Saturday, August 15, 2009

Happy Birthday, Julia!

As a young wife and mother I began cooking meals on a regular basis. My earlier vagabond traveling lifestyle allowed for experimentation in many food fads. However, my Julia Child cookbook, “Mastering the Art of French Cooking” traveled from the east coast to the west coast and back again. Along with a few other treasures packed in cardboard boxes, it was jammed into my yellow VW bug for the journey. Once settled into our stable household, it became a regular source for my cooking. My young daughter loved cheese souffle, quiche with ham and leeks and Boeuf Bourguignon. My son preferred chocolate mousse and classic roasted chicken with herb de Provence to any more complex French concoctions. The first flourless chocolate cake I made came from Julia Child. And Steak Diane...well, it had my name all over it! I watched Julia Child on PBS as she came to us from 15 miles away through the airwaves. It was real and alive with her singsong voice and exuberant ways. She drop kicked perfection out of the door, and invited in fun with her rich butter and cream filled meals.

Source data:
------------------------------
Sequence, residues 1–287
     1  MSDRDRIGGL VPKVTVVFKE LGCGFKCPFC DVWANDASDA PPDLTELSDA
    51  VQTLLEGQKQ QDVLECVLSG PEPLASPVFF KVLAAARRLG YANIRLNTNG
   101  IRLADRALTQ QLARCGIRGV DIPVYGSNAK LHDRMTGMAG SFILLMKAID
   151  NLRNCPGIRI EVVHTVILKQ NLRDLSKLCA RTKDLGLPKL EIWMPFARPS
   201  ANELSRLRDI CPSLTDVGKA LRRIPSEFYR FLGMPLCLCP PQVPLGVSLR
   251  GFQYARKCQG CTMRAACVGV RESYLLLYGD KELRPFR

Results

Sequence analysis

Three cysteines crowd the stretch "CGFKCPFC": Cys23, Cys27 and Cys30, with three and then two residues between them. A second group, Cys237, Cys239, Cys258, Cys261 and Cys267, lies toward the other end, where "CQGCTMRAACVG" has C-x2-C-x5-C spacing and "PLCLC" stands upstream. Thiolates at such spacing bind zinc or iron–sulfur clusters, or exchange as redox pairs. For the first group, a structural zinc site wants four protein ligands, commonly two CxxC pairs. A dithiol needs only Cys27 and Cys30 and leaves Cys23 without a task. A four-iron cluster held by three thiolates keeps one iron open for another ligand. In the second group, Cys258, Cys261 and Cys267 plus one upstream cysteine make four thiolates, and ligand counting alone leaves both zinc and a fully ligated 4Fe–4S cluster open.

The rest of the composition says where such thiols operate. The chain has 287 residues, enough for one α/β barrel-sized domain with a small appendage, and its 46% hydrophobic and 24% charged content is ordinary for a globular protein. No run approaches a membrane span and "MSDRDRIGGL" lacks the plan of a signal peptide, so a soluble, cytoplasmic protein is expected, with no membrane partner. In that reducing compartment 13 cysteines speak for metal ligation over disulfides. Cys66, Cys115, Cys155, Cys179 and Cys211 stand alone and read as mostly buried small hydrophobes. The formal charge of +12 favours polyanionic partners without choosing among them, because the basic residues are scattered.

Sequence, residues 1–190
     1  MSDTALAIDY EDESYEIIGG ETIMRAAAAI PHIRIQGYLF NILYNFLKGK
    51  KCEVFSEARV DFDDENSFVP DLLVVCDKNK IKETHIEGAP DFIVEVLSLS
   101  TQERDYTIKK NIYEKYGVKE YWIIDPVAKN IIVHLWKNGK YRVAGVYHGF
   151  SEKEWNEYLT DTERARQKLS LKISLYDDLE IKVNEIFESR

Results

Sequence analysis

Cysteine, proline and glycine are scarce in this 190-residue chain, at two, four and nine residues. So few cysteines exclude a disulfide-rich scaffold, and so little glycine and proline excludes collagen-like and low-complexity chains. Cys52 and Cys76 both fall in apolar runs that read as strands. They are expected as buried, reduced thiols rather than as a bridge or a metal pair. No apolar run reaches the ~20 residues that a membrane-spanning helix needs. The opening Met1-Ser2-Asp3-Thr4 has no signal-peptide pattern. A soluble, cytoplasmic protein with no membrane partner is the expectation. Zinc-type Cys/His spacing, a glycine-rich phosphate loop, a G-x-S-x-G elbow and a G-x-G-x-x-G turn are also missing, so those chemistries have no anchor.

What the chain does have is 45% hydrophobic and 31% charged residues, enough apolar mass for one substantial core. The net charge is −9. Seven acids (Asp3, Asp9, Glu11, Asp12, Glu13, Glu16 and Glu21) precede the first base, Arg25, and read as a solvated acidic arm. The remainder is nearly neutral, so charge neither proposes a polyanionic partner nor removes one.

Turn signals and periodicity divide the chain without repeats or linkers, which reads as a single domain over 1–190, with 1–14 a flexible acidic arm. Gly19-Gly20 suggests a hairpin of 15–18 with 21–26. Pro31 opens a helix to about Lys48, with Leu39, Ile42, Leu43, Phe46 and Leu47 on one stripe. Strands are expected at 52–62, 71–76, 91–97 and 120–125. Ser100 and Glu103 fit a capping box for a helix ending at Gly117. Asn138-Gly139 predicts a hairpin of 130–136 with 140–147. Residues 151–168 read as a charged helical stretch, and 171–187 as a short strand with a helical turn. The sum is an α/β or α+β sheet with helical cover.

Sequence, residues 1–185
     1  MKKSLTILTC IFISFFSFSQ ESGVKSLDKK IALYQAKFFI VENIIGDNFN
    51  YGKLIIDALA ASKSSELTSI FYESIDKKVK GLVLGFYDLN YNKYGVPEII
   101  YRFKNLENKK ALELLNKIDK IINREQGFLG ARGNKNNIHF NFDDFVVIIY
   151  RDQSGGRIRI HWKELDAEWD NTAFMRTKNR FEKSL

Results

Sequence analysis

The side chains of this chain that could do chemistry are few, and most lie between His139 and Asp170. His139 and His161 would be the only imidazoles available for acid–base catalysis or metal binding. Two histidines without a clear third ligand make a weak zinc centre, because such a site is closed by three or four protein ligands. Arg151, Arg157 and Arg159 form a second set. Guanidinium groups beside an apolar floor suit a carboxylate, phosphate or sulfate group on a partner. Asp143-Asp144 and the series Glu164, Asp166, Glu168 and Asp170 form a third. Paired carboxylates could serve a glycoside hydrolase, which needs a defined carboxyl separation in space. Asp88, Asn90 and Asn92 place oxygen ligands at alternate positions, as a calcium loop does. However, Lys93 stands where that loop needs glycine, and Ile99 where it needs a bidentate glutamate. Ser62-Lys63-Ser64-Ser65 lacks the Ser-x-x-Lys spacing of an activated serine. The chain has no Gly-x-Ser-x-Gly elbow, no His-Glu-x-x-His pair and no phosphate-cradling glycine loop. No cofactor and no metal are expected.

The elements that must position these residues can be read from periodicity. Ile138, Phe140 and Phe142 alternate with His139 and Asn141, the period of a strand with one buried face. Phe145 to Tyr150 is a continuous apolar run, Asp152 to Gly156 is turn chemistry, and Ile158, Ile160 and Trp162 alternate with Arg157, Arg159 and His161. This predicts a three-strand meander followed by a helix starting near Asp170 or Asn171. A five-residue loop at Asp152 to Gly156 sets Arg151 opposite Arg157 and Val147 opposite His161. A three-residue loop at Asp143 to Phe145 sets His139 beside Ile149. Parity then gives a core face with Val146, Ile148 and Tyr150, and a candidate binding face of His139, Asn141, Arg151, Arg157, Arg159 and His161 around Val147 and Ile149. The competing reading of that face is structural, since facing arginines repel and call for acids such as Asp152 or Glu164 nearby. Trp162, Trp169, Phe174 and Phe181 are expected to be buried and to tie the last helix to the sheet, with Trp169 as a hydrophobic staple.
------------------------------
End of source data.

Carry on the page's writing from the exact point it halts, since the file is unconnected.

In honor of her birthday, I thought I’d make her Chocolate Mousse. I knew I’d have plenty of teenage boy's mouths willing to celebrate her day. In many French restaurants, Chocolate Mousse is often served alongside a Mother Bowl to spoon this light confection from. I think next time I’ll have to make a larger bowl!


Chocolate Mousse
(Adapted from Mastering the Art of French Cooking, by Julia Child, Louisette Bertholle and Simone Beck)

4 egg yolks
¾ cups superfine sugar
¼ cup orange liqueur

6 ounces bittersweet chocolate
4 tablespoons strong coffee
6 ounces softened unsalted butter
Optional: ¼ cup orange zest, very finely grated

4 egg whites
pinch of salt
1 tablespoon granulated sugar

In a 3 qt. mixing bowl, beat the egg yolks and sugar together until mixture is thick, pale yellow, and falls back upon itself forming a slowly dissolving ribbon. Beat in the orange liqueur. Then set mixing bowl over a pan of not-quite-simmering water and continue beating for 3 to 4 minutes until the mixture is foamy and too hot for your finger. Make sure the bottom of the bowl does not touch the water. Then beat over cold water for 3 to 4 minutes until the mixture is cool and again forms the ribbon. It will have the consistency of mayonnaise.